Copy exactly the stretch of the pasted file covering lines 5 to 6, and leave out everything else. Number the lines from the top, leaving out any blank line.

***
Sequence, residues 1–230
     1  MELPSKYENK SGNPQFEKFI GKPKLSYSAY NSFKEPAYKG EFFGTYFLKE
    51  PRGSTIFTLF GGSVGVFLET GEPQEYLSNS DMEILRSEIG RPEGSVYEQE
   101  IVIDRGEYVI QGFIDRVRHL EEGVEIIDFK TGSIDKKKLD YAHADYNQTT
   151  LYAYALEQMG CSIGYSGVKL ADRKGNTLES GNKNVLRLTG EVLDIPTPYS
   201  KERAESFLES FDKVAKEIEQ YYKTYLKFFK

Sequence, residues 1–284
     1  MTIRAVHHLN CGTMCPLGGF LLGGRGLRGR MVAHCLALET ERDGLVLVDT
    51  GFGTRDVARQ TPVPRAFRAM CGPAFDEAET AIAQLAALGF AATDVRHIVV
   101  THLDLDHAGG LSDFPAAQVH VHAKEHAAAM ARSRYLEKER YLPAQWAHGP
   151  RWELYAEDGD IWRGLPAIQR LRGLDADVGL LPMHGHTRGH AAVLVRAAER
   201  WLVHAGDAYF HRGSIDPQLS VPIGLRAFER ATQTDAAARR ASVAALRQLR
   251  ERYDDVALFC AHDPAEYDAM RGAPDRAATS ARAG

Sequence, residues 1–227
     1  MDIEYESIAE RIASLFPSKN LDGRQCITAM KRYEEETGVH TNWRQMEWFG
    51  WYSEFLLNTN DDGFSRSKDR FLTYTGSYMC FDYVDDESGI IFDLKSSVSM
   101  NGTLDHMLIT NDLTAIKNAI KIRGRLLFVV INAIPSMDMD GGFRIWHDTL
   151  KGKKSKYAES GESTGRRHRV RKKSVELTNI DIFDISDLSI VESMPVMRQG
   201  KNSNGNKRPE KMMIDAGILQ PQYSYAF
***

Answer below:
   151  LYAYALEQMG CSIGYSGVKL ADRKGNTLES GNKNVLRLTG EVLDIPTPYS
   201  KERAESFLES FDKVAKEIEQ YYKTYLKFFK